Ninja Senki DX is an Action/Platformer that kicks off with Blue Ninja’s girlfriend being murdered and he immediately sets out on a quest for revenge. Starting up the game you can choose either New Game or Hardcore Mode, the latter takes away the option to save the game and is better suited for a second playthrough. There is no more story to be found and you are thrust right into the action, whichever one you choose. The gameplay is very simple with only two buttons, one for jumping and the other for attacking via throwing shurikens.
It is very reminiscent of the 8-bit era from the simple controls, graphics and the forced 4:3 ratio it runs in. Running through the levels you’ll run across various enemies which require a varying number of hits to take down. There is no enemy respawns and you can just as easily run past them if you are not trying to perfect the game. Easier said than done however, in true retro fashion enemies are placed exactly where they inconvenience you the most. The fact that it’s in 4:3 makes it all the easier to get blind sighted, making it a game where you should be taking it slow if you don’t have the level memorized.
The controls are very tight and responsive so once you get a feel for it, it becomes delightfully faster paced and helps for that one more go feel whenever you repeatedly get done in by a level. This is not an easy title, you will need fast reflexes and precision to overcome the 16 brutal levels. You start off with two lives and a few checkpoints will be scattered about a stage should you die. Losing all your lives will take you back to the start of said level though you thankfully have an infinite supply of continues at your disposal.
Your character can take five hits before dying and will be pushed back a few feet, that can very easily spell death when near endless pits. The only way to refill your health is to gather enough points by killing or collecting coins found throughout the level. If you are already at full health when reaching that unknown amount of points, you will get an extra life instead. The platforming starts off simple enough but will soon demand pixel perfect precision over pretty dangerous level layouts. It is thrilling to nail these jumps but does get slightly annoying when instakill spikes come into play.
Your biggest threat will be a lake of water found in a single early level which thankfully never appeared again. There were no prior indicators that you can skip across the water and it is quite the challenge getting across it as one slip up means death. Every level is short so getting back to where you were will take no more than a few minutes. This really helps you want to keep trying as you know that wherever you died, you were probably close to the end. Ending the level is as simple as touching a magic door though every two levels you will have to fight a boss.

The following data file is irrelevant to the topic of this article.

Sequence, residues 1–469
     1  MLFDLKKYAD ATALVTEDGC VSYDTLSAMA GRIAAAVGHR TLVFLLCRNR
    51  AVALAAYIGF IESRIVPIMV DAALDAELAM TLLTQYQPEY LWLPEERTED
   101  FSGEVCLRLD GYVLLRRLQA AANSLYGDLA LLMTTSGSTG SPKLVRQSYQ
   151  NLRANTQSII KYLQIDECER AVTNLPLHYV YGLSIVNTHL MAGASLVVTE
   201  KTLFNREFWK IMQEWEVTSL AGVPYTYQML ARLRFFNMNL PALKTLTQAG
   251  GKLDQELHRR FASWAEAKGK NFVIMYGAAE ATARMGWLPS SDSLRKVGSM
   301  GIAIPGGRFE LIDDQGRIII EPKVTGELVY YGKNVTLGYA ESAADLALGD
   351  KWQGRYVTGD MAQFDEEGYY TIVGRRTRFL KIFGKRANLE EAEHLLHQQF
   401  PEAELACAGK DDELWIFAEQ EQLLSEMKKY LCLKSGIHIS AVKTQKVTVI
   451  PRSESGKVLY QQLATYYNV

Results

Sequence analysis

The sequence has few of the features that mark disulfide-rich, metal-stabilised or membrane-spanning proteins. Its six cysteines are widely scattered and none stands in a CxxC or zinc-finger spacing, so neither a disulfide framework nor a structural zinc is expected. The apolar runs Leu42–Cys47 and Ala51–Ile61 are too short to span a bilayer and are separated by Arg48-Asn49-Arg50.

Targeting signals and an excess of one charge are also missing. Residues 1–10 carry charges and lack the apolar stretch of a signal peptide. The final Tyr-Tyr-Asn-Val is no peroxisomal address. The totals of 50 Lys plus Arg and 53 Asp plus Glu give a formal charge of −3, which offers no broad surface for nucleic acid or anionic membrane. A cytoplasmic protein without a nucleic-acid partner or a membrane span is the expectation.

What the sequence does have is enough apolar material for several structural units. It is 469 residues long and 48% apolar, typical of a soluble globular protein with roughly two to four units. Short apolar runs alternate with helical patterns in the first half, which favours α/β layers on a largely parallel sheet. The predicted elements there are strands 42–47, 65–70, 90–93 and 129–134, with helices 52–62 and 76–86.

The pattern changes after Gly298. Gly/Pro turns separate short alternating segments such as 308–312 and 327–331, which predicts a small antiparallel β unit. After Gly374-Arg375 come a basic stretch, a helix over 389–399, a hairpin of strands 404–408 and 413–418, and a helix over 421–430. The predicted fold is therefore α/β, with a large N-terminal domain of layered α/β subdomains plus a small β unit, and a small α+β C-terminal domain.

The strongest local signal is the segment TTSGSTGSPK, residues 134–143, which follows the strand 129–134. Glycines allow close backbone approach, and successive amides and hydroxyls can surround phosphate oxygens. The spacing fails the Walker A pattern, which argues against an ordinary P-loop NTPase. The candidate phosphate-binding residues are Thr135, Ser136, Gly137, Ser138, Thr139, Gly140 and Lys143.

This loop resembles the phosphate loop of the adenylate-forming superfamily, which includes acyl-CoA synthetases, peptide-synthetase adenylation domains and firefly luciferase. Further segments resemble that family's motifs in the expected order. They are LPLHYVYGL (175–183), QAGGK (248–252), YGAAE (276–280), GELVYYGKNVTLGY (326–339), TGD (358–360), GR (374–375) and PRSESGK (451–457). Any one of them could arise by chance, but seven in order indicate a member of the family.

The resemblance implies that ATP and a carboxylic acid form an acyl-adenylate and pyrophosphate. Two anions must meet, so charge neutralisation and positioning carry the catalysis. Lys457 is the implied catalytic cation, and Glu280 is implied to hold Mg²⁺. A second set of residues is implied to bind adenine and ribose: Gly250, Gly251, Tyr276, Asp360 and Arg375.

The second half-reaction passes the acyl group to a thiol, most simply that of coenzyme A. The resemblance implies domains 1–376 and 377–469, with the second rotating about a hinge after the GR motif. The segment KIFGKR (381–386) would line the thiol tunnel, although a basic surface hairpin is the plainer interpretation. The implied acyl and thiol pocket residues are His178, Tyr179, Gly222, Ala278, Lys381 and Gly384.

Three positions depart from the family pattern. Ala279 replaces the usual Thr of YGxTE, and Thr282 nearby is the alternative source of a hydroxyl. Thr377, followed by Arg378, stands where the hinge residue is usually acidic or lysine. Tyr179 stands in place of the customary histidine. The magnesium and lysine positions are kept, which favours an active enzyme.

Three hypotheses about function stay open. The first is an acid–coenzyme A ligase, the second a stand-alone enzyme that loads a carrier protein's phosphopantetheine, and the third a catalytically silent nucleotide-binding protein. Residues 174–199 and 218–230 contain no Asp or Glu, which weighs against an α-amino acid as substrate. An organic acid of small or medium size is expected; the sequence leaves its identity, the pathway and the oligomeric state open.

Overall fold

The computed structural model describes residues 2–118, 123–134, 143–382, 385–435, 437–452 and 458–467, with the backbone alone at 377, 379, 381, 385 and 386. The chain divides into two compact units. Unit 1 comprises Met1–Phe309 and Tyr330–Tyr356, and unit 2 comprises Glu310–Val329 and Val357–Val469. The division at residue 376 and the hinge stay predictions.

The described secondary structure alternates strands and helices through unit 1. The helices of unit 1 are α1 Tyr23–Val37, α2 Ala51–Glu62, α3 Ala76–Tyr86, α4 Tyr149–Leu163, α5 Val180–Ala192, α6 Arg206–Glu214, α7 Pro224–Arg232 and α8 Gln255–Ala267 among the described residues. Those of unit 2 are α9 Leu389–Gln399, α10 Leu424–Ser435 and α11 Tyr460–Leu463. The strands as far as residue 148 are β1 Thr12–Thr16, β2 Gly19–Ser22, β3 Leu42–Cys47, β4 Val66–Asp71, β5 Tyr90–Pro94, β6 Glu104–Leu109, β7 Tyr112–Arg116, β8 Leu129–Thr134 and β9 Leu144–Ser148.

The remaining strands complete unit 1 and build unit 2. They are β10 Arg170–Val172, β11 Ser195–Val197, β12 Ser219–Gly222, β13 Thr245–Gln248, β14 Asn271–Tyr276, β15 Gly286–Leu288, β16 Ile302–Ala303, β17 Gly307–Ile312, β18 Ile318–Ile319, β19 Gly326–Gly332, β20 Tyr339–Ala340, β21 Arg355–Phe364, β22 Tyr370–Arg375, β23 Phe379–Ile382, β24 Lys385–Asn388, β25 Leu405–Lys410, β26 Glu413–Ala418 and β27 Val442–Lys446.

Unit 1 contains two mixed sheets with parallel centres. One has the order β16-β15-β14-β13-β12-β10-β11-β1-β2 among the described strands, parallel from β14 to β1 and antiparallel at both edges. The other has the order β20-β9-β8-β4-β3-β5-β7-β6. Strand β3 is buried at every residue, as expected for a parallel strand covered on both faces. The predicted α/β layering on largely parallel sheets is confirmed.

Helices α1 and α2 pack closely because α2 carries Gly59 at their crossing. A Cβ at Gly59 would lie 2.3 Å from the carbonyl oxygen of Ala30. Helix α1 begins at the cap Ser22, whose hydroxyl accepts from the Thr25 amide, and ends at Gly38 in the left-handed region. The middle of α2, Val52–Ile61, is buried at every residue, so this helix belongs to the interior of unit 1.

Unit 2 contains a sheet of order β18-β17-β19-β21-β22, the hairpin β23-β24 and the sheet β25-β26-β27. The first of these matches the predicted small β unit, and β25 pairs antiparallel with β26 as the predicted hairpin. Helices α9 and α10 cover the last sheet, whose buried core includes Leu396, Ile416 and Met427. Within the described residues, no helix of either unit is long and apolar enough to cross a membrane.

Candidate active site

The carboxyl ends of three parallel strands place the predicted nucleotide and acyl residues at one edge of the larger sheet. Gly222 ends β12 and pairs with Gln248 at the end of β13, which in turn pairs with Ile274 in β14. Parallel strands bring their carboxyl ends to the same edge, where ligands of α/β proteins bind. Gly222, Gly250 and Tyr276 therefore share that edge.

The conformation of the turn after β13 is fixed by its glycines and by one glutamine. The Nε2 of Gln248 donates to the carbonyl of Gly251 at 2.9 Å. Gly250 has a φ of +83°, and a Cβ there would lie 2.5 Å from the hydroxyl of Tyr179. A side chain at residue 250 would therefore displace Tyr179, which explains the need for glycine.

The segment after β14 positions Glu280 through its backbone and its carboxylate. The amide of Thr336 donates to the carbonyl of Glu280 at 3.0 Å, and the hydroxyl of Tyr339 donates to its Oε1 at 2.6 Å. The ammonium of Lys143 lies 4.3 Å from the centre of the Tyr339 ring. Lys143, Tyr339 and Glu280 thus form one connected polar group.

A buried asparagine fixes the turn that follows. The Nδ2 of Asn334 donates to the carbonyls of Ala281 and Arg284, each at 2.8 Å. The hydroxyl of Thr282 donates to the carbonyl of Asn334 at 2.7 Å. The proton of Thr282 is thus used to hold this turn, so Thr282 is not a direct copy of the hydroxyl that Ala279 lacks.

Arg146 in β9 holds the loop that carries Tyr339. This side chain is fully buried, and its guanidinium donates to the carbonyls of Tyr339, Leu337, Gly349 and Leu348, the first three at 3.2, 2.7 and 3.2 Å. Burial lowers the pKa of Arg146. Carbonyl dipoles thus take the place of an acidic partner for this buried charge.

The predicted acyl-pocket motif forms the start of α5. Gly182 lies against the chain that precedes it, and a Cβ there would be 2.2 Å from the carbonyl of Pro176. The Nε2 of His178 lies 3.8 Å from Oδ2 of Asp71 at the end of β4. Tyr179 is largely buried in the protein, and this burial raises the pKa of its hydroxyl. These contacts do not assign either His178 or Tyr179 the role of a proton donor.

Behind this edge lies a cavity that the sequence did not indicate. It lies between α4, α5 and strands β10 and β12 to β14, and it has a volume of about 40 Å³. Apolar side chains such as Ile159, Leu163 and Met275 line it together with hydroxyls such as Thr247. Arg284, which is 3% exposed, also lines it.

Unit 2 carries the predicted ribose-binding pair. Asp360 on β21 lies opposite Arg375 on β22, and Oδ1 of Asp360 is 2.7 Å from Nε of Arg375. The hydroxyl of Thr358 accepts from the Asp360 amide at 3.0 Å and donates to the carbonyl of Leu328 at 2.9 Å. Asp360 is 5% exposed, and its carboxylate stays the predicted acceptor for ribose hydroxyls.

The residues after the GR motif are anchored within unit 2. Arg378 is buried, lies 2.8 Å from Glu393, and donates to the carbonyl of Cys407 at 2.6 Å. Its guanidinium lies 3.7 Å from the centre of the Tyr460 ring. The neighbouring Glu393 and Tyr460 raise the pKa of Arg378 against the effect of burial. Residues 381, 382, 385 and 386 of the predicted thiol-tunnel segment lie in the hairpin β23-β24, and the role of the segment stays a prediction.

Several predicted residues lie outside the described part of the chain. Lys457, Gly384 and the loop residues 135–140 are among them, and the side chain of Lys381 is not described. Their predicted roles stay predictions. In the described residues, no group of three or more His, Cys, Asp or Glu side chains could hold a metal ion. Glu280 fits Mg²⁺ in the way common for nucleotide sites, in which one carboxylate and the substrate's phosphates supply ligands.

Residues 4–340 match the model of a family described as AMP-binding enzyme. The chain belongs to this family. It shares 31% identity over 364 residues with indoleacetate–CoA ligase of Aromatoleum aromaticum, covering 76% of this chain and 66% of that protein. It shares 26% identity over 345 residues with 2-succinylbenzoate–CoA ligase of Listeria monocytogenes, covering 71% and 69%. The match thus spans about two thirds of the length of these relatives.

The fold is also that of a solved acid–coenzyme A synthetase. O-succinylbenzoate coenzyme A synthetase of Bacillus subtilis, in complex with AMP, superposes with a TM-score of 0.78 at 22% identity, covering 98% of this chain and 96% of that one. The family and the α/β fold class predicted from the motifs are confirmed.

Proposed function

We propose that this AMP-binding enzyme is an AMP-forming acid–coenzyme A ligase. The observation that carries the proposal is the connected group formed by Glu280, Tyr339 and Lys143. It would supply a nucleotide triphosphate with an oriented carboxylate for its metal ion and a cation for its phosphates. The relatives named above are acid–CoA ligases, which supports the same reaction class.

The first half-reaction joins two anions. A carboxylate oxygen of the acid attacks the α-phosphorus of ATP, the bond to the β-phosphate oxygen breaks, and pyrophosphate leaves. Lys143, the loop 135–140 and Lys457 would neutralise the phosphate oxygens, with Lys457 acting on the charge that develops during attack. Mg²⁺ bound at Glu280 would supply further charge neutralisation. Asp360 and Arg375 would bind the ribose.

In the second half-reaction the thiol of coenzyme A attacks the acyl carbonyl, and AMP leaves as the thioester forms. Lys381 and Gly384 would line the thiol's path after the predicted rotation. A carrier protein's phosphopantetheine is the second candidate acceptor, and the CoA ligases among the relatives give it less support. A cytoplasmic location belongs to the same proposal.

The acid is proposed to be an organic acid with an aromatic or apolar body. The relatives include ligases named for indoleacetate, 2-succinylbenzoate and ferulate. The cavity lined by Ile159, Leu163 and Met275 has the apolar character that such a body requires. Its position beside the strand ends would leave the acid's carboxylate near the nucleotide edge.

These are when having a few extra lives will come in handy as you discern their patterns. They are all challenging and fun to fight, though the most generic one that resembles a cannon of some sorts is reused three times with no differences minus the mob it spawns. Aside from that boss, there is a nice variety of creatures to face, requiring different strategies but always end in you frantically mashing the attack button in hopes that they die before you do. The last boss is definitely worthy of that title. I probably spent as much time trying to take him down as I did getting through the rest of the game.
Depending on your skill level this can be a rather short game but in all likelihood will still give any gamer enough challenge to put it at a few hours. Every two levels the background will change, adding a few new enemies and traps to overcome to help things from getting repetitive. It could very well have been extremely repetitive considering there are no items, different weapons or anything beyond coins and jumping/fighting your way to victory. As much as I was frustrated in a few sections, I somehow could not put it down until I played it from start to finish.
In a rather unfortunate turn of events, they grew the bad habit of reusing small chunks of the level with the same enemy placement as if they just copy and pasted the area to make the level longer. They occur right after one another which only serves to make it stand out even more and is very bizarre facing the exact same scenario three times in a row or more while making your way through the level. It is not game-breaking but that alongside the constant reuse of bosses did detract from the experience. The timer to the bottom left is simply for extra points, it will not instakill you as soon as it hits zero like most other games of this genre.
Finishing the game nets you a boss rush mode if you feel you are skilled enough to take down all the bosses with only three lives. A neat little feature is the ability to change the music back to its original form instead of the remixed soundtrack this DX version defaults to. As I went into this game completely blind I was quite surprised that this wasn’t an NES game or something similar, instead the original was a free 2010 title for the PC. There are a lot of throwback games but few capture that 8bit feel of yesteryear quite this well. It does face some problems for retaining that legitimacy such as the 4:3 ratio though if you are a fan of 8bit games or are feeling up to the challenge for a simple yet balls to the wall hard Action Platformer this is a great choice.